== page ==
Love and Death in a Month
Sara is quirky and free-spirited. That, at least, is the premise of the hilariously wretched new weeper Sweet November, of which Sara, embodied by the breathtaking Charlize Theron, is the heroine. But if you're usually smart enough to run in terror at the threat of a movie character who's quirky and free-spirited, have no fear. The evidence of said quirkdom and unfetteredness is pretty thin. Roughly, it's this: She likes dogs; she lives in a cute apartment decorated with little Buddha statues; she's friends with the drag queens downstairs; she prefers romping on the beach to slaving away in the workaday world; and she lives in San Francisco!
How exactly does one go about creating an off-the-wall romantic heroine whose antics don't, in this day and age, seem pitifully tame? Even back in 1972, Barbra Streisand drove Ryan O'Neal nutty in Peter Bogdanovich's What's Up, Doc? with behavior that seems sociopathic compared to Sara's. Of course, we're not talking screwball comedy here. Sweet November is serious drama, Buster. The story concerns Sara's relationship with Nelson, a driven, hotshot advertising man who has a snazzy apartment and a snazzier girlfriend and snappy clothes and a rotten friend/business partner, like Richard Gere in Pretty Woman. After a goofy episode or two, Sara proposes that Nelson move in with her for a relationship lasting one calendar month, during which time he gets to sleep with her -- and let her run his life -- and after which they'll part with no hard feelings.
Sara has had this sort of relationship before -- she asks Nelson to "be my November." She flatly states that he should agree to this because he needs her; she alone is a spirit blithe enough to save him from the corporate world that is killing his soul and all that. After some initial resistance, Nelson agrees. In the course of the month he learns her secret agenda -- and this is in the trailers and TV ads, so no whining, please, that it's a "spoiler": She's sick, Ali McGraw-style, and her unconventional love life is her way of avoiding ever getting so close to anyone that they'll see her die.
The ineptitude of the movie -- and there's plenty of it -- arises mostly from Kurt Voelker's script, which may just have the worst romantic dialogue in a big-studio movie since 1999's Simply Irresistible. The hilarity is provided by Keanu Reeves, God bless him, who plays Nelson. The film rises to the level of premium camp at least three times, and it's Reeves that gets it there each time.
The first is the scene in which Nelson presents a hyper-Freudian campaign proposal to the honchos of a hot dog company. Reeves struggles so hard to strut that it adds another unintentional layer of overcompensation-for-inadequacy to this already funny sequence. In another jaw-dropper, he crashes Sara's Thanksgiving dinner in a Santa suit, bearing a sack of gifts, having thoughtfully realized that, in light of her condition, she should probably enjoy a two-fer holiday. And nobody could give the line "My third eye didn't open" -- Nelson to Sara after a montage-romp -- quite as sidesplitting a reading as Reeves does.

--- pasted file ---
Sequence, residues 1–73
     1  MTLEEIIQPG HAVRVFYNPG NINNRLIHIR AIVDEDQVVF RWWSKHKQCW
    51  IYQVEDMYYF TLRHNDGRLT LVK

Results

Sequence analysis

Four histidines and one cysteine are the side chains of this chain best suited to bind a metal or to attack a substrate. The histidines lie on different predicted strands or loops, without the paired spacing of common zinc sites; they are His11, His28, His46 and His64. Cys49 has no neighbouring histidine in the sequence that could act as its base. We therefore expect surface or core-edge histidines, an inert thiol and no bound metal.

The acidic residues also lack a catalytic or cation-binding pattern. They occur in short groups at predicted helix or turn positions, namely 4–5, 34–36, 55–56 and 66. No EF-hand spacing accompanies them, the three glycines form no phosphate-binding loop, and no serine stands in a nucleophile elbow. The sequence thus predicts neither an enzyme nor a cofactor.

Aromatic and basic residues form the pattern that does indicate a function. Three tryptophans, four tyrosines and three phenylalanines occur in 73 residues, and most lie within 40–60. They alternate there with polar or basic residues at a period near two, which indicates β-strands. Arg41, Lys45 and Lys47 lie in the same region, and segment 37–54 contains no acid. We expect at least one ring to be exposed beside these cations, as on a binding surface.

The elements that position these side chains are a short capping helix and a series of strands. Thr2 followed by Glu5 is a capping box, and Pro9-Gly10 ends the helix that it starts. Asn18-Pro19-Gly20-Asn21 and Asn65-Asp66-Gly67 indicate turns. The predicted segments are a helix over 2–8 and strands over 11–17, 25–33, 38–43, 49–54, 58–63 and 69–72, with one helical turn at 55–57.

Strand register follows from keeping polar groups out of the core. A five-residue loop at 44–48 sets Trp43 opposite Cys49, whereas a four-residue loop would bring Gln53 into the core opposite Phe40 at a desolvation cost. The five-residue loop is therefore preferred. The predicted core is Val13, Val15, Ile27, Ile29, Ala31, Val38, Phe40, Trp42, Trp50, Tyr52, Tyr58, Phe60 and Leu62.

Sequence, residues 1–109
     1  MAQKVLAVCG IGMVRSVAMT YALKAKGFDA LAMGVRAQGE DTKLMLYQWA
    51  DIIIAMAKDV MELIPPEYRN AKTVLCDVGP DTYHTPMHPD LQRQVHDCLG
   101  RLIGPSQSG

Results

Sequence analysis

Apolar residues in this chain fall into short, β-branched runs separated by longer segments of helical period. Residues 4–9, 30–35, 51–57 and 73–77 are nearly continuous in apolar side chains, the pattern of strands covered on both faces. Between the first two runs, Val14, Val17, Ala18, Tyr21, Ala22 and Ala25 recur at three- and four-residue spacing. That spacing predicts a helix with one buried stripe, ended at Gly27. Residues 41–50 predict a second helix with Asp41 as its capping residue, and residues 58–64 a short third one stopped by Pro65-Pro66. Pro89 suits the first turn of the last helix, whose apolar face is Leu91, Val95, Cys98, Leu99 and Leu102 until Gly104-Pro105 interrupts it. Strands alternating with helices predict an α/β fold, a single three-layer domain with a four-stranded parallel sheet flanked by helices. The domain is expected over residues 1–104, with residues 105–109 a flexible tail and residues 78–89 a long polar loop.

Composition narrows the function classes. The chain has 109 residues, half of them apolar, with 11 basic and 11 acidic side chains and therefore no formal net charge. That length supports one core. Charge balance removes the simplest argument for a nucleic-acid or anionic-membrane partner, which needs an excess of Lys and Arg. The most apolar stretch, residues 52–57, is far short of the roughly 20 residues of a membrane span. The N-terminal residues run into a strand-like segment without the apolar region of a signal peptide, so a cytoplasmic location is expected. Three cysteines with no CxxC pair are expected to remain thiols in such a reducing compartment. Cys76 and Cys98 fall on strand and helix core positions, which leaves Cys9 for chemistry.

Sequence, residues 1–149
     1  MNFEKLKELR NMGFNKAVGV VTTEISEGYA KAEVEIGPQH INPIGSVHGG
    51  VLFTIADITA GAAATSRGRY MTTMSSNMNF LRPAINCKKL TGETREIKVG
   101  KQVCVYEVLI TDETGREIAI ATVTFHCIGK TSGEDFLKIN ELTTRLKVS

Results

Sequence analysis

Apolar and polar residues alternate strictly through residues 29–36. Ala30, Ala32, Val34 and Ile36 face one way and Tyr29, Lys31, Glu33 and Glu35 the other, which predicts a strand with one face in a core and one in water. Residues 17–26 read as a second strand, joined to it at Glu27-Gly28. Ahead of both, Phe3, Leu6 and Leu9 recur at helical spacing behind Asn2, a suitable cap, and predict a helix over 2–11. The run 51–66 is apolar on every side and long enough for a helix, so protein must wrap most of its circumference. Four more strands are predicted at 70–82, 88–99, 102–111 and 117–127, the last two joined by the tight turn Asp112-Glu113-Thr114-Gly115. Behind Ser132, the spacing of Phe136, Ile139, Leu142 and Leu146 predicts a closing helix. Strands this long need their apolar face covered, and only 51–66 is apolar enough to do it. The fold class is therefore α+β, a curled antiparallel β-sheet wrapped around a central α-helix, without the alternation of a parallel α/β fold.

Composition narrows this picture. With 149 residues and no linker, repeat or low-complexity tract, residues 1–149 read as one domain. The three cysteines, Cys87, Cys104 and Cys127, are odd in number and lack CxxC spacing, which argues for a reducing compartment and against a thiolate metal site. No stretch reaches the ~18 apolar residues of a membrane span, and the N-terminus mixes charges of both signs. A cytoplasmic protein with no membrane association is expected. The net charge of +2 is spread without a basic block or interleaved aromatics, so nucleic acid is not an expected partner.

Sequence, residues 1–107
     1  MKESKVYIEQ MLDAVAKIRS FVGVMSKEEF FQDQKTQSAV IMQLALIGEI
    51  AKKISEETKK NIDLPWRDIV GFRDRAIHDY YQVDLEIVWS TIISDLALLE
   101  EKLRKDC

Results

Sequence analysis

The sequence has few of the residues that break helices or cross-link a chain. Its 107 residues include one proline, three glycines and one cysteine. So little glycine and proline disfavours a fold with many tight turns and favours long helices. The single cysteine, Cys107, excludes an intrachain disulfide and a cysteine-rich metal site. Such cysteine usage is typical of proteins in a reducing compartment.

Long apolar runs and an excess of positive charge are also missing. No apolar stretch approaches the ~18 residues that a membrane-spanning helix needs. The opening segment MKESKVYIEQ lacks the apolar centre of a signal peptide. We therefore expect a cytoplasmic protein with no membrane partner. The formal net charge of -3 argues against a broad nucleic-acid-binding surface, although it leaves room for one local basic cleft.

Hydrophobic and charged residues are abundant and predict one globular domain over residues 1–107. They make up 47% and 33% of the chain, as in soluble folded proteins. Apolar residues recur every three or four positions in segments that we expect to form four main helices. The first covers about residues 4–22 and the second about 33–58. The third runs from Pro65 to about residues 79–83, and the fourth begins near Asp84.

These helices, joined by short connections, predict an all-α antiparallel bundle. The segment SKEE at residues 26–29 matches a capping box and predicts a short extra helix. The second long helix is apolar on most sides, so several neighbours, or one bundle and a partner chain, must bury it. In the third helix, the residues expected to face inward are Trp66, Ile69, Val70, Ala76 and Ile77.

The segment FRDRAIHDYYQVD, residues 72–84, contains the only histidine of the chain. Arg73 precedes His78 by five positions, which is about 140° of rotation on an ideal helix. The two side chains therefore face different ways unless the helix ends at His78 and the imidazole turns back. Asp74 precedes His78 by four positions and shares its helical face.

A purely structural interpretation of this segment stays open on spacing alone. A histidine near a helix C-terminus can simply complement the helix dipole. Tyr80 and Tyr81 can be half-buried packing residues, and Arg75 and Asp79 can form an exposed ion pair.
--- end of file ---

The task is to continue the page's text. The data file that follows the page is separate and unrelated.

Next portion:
Director Pat O'Connor, of the overrated 1994 Irish romantic comedy Circle of Friends, handles the material smoothly enough, and the gifted cinematographer Ed Lachman, of Erin Brockovich and The Virgin Suicides, aces the undemanding duty of making both Theron and the Bay Area look great. Jason Isaacs, the villain in The Patriot, does what he can as one of the drag queens, and Greg Germann, a riot as the skunky Richard Fish on Ally McBeal, is left foundering, with nothing funny to say as Nelson's creepy crony.
Then there's Liam Aiken as the neglected kid from across the street whom Nelson befriends (Nelson arranges a radio-controlled submarine, complete with sonar bleeps, to take out the kid's competition in a toy-sailboat race). Presenting Nelson at a father-son day, the kid says: "We do stuff together, and it's fun, 'cause he makes me feel smart." No doubt. But while it's easy -- and appropriate -- to mock Keanu Reeves, he gets the last laugh, because no matter how you slice it, he's a star. He always has been. In no way does this contradict the popular opinion that he's a bad actor. His effective turns in Dangerous Liaisons, Speed, and Sam Raimi's recent The Gift notwithstanding, he's a terrible actor. Even at his best, he gives the impression of a man trying to think through molasses, and in Sweet November he is not at his best. But the movie would be unwatchable without him. He's far more truly a movie star than Charlize Theron, who is not only one of the most astonishing movie beauties in years -- she can really act. Yet somehow she isn't fascinating onscreen the way a true star is -- the way that Reeves is, even if that fascination is of the train-wreck variety.
Indeed, it could be said that Reeves is one of the great manifestations of the mysteriousness of stardom. He gives the worst performance in Sweet November, and he's the best thing about it.
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